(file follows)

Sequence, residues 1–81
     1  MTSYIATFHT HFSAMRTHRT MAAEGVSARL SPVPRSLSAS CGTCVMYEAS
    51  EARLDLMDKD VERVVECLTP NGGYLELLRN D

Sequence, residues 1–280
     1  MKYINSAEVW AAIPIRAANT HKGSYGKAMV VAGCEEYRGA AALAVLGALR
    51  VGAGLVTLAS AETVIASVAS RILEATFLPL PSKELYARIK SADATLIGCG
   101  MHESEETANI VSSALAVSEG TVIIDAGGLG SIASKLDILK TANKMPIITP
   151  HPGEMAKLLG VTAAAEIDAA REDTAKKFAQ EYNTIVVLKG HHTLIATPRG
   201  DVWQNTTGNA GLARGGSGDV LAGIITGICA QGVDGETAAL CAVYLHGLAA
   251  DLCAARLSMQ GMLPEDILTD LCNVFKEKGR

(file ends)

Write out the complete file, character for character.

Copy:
Sequence, residues 1–81
     1  MTSYIATFHT HFSAMRTHRT MAAEGVSARL SPVPRSLSAS CGTCVMYEAS
    51  EARLDLMDKD VERVVECLTP NGGYLELLRN D

Sequence, residues 1–280
     1  MKYINSAEVW AAIPIRAANT HKGSYGKAMV VAGCEEYRGA AALAVLGALR
    51  VGAGLVTLAS AETVIASVAS RILEATFLPL PSKELYARIK SADATLIGCG
   101  MHESEETANI VSSALAVSEG TVIIDAGGLG SIASKLDILK TANKMPIITP
   151  HPGEMAKLLG VTAAAEIDAA REDTAKKFAQ EYNTIVVLKG HHTLIATPRG
   201  DVWQNTTGNA GLARGGSGDV LAGIITGICA QGVDGETAAL CAVYLHGLAA
   251  DLCAARLSMQ GMLPEDILTD LCNVFKEKGR